I’m in the middle of moving this website to a new server. The new server will get rid of the ads, which were never a part of this blog, but something added by WordPress. If you have this site bookmarked as “wildliferesearchnews.com” there should be no change. There will also be no change if you get a weekly email through MailChimp.
The move is taking longer than I expected, but it is not taking a month and a half. The big gap in posts is due to other things, and I took advantage of the hiatus to make the server change. I will start posting again as soon as I’m functional on the new server.
Also as soon as the site is functional on the new server, I’ll work on getting the people who have email subscriptions through WordPress moved. There are just a very few of you.
Thanks for your patience. Looking forward to seeing you on the new server.
On April 10, both the Michigan Department of Natural Resources (DNR) and the Wisconsin Department of Natural Resources announced confirmation of white nose syndrome in bats in each of their states.
The Michigan DNR press release said: “Five little brown bats (Myotis lucifugus) showing disease characteristics were collected in February and March during routine WNS surveillance by Dr. Allen Kurta and Steve Smith, researchers from Eastern Michigan University.”
In Wisconsin, a DNR press release said: “Results from visual inspection and genetic and tissue tests completed earlier this month showed that 2 percent of bats in a single mine in southwestern Wisconsin had the disease, named for the characteristic white fuzz on their nose, wings and tails, according to Erin Crain, who leads the Department of Natural Resources Natural Heritage Conservation Program.”
More details are available in this article in the Milwaukee Journal-Sentinel.
The Minneapolis Star-Tribune also did a story.
Here’s the Michigan DNR press release.And here’s the Wisconsin DNR press release.
Photo: Bat skulls and bones on the floor of Mount Aeolus Cave in Vermont, courtesy of Michigan DNR, photo by Ann Froschauer, USFWS
It’s been a good year for lead levels in condors in Arizona and Utah. While last year saw the second worst levels on record, this year saw the lowest level in a decade, says a press release from the Arizona Game and Fish Department.
“The ups and downs of lead poisoning over the years demonstrate that any single season does not make a trend, but our test results are encouraging,” said Eddie Feltes, field manager for The Peregrine Fund’s condor project in the release. “If this ends up being the beginning of a trend, we hope it will continue.”
Arizona Game and Fish, as well as the Peregrine Fund, which also distributed the release, believe that voluntary lead ammunition measures in the two states has contributed to the lower lead levels in condors there. Another factor may be the unseasonably mild winter, the release says.
In an article in the Salt Lake City Tribune, Chris Parish, condor program coordinator for The Peregrine Fund is quoted as saying, “The half life of lead in blood is a very short period. That gives us a relatively good indication of where and when exposure may have happened.”
The Tribune article also says that 78 percent of hunters in condor country who were contacted were voluntarily using non-lead ammunition. In 2011 the number was 10 percent.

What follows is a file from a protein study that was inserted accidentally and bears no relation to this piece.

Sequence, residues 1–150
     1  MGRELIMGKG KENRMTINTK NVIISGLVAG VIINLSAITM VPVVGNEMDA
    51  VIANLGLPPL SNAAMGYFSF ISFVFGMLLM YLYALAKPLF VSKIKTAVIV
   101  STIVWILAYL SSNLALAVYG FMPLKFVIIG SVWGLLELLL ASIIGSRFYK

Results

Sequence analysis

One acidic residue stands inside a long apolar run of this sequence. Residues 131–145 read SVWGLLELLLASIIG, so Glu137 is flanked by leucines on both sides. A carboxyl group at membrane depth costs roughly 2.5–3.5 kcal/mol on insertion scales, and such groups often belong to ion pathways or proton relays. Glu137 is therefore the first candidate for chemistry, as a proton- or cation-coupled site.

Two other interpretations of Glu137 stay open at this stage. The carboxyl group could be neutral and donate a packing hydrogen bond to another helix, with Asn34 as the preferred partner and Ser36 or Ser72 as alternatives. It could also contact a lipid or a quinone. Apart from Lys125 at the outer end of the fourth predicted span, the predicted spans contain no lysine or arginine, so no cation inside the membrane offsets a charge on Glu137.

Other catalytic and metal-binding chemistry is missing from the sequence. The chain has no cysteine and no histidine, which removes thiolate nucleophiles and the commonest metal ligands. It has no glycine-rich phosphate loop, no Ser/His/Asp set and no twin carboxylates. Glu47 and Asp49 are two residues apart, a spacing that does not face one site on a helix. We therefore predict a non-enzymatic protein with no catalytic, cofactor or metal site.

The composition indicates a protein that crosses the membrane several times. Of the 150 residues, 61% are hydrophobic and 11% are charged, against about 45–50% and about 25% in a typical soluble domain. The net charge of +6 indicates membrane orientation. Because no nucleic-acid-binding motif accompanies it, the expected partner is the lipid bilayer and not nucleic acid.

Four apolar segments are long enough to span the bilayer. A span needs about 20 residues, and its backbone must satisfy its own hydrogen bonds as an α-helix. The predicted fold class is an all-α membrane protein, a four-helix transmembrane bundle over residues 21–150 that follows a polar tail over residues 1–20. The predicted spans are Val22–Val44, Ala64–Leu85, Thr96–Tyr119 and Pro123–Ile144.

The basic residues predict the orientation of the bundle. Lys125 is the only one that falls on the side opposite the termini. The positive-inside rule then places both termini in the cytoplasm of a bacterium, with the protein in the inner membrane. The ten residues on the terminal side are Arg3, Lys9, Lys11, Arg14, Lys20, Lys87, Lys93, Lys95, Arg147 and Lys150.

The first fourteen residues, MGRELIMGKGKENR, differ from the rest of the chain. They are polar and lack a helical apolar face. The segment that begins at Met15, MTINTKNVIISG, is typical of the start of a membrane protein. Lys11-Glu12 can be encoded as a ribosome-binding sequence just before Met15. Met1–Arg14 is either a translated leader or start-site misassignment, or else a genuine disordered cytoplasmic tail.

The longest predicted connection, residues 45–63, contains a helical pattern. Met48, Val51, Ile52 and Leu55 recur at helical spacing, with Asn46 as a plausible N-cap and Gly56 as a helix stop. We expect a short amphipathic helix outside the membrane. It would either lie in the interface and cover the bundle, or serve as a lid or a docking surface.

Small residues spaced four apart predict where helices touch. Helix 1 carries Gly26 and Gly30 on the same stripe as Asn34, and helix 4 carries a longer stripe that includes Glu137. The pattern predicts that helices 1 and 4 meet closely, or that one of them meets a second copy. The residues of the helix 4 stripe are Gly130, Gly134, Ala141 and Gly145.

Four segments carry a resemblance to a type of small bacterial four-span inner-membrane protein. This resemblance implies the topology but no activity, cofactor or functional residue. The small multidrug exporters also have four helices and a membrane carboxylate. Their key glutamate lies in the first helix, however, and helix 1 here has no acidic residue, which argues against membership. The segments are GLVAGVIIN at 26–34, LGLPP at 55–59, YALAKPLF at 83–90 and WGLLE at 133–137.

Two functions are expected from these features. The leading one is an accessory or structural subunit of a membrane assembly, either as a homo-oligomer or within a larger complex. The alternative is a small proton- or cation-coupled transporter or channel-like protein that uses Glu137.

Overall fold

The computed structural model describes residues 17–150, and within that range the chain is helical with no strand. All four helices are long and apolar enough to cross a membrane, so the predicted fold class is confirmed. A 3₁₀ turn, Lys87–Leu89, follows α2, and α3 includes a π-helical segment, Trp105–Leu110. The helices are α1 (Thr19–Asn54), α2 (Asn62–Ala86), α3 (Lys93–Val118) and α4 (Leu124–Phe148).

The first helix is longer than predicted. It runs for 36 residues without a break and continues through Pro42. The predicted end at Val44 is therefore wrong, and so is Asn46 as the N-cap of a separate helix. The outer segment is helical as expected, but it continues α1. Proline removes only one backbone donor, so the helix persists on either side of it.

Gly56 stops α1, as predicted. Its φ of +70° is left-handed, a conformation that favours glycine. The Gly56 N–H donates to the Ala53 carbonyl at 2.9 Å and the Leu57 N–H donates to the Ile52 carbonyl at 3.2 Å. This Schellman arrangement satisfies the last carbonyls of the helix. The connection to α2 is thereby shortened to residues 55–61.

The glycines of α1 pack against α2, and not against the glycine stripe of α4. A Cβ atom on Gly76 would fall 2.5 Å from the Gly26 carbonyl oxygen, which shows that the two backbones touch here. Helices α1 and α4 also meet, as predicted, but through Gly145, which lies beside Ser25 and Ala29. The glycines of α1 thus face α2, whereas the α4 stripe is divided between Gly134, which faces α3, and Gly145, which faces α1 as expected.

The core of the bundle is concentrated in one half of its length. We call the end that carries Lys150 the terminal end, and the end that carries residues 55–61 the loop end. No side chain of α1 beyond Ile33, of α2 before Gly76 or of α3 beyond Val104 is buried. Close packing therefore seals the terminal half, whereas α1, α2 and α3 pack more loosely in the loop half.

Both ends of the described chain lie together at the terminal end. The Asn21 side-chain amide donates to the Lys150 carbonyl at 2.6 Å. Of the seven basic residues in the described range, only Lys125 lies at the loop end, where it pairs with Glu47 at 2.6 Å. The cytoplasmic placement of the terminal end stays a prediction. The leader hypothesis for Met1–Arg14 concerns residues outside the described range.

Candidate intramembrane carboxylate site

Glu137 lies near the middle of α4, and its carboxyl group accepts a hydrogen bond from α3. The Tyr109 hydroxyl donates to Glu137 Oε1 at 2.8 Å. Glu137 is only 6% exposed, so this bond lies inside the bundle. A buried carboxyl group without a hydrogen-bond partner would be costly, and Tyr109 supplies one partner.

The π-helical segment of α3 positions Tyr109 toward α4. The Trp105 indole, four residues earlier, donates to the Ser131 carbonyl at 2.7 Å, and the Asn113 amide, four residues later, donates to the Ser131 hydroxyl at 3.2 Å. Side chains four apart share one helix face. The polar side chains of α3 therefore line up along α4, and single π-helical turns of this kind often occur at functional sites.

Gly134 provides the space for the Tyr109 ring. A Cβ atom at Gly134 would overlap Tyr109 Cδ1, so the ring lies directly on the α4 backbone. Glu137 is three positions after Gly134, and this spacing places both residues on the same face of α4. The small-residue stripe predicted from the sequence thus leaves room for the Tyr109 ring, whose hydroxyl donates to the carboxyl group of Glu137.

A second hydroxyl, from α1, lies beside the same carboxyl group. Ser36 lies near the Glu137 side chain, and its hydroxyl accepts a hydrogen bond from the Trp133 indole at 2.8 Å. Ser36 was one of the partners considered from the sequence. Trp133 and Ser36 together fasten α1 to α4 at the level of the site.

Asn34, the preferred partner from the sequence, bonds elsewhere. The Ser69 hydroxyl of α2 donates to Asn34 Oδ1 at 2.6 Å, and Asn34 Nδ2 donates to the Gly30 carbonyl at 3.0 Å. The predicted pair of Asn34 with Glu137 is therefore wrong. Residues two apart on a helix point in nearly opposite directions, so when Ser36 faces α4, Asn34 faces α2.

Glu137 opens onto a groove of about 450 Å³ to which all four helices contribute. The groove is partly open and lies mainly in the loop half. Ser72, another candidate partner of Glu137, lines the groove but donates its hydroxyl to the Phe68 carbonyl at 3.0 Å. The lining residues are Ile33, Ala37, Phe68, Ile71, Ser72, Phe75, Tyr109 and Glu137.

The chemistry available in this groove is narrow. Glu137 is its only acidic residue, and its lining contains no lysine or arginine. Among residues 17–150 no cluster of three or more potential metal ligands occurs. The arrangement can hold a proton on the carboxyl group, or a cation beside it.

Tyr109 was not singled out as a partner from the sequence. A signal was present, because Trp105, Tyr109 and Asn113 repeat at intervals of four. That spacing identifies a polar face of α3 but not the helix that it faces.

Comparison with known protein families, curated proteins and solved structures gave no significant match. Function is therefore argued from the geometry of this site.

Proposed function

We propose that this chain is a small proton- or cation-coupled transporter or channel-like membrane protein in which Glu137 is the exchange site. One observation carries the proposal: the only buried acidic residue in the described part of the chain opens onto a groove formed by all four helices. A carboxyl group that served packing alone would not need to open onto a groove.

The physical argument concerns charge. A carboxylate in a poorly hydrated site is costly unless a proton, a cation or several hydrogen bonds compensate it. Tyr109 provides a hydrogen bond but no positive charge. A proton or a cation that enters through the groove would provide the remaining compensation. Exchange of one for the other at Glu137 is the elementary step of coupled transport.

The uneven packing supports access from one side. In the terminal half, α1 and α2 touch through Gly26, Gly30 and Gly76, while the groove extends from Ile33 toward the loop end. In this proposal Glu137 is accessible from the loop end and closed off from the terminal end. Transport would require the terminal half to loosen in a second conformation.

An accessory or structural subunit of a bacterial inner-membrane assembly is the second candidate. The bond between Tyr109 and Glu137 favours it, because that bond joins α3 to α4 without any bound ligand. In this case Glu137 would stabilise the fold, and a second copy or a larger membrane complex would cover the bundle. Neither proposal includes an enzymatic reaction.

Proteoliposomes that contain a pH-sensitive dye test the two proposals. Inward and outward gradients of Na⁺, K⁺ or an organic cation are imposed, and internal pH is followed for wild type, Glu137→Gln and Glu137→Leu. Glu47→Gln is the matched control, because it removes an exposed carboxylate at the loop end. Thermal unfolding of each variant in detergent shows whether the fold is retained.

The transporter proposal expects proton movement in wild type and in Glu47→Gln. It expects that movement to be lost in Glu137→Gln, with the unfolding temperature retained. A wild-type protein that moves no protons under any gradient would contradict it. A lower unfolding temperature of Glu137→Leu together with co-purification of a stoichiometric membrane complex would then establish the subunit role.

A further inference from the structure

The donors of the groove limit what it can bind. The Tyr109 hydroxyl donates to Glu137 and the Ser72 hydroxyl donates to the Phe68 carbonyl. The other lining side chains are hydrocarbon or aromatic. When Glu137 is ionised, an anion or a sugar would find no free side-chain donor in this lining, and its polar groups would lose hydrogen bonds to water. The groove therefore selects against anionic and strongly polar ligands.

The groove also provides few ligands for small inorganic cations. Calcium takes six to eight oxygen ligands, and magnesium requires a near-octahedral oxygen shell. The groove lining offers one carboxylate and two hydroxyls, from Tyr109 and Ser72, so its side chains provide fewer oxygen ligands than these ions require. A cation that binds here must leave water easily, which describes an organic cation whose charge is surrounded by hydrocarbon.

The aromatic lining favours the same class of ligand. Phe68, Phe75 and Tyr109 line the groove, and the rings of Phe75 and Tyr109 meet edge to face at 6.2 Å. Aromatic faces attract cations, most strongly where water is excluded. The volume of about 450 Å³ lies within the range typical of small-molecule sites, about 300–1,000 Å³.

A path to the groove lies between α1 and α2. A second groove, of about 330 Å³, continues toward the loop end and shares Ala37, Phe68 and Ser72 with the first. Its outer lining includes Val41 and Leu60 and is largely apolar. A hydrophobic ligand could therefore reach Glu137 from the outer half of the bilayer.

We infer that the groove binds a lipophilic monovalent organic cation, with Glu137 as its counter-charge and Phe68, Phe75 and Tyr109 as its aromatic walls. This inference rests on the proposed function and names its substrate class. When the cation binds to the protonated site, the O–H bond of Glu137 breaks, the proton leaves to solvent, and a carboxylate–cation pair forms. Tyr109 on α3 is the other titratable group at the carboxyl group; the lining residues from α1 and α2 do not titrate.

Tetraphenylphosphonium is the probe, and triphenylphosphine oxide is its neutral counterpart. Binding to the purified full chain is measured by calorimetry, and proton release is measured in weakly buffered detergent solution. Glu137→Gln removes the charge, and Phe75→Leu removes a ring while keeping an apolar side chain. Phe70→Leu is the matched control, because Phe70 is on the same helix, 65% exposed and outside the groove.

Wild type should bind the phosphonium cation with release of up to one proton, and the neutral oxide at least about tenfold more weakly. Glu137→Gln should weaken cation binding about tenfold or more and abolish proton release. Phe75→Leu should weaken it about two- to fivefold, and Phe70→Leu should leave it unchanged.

More details in the Arizona Game and Fish press release here. (Halfway down the page.)
The same press release is here on its own page at the Peregrine Fund website.
The Salt Lake City Tribune article is here.
Photo: Courtesy Arizona Game and Fish Department
Wildlife crossings are expensive. They can add hundreds of thousands of dollars to a highway renovation project — and that’s the cheapest option for creating them. However, a new study from Utah State University has found that by preventing expensive vehicle accidents, wildlife passages pay for themselves in three years.
An article in the Deseret News described the research and the findings.
The way the math works is this, according to the article: wildlife collisions cost an average of $7,000. Collisions were reduced by 90 percent by the passages in the study.
Read the report itself, here. (You can also go to the UDOT website and search for “Report UT-12.07”)**
Read the Deseret News article here.
**Thanks to Susan, a subscriber, who knew where this was even though I couldn’t find it.
This week’s newsletter will go out on Christmas Day. While there has been plenty of wildlife research news this week, I’m going to have to catch up next week or in the new year.
Wishing you the best of the holiday season.
Long before bats had a problem with wind turbines, raptors had a problem with wind turbines. The problem seemed particularly bad in Altamont, California, which was one of the nation’s first utility-scale wind power operations. The lessons learned there were supposed to prevent similar problems happening elsewhere.
It didn’t. Last week Duke Energy plead guilty to killing eagles and other birds at its Wyoming wind farm. The fine of $1 million was the very first levied against a wind power company, The Christian Science Monitor reports. The Monitor story also says that the case was the first prosecuted against a wind company under the Migratory Bird Act. It also says that the US Fish and Wildlife Service has 18 more cases in the works. Six of those have been referred to the Justice Department.
Read the entire story in The Christian Science Monitor.
Find more stories on the case, here.
Photo: Golden eagle by Donna Dewhurst, from USFWS
It’s not that there is no state wildlife research news out there this week (although actually, the great bulk of press releases I’m receiving are about hunting), but other things have come up, so it’s another week without posts. Sorry.
There will be more later in the week, which will run in next week’s newsletter.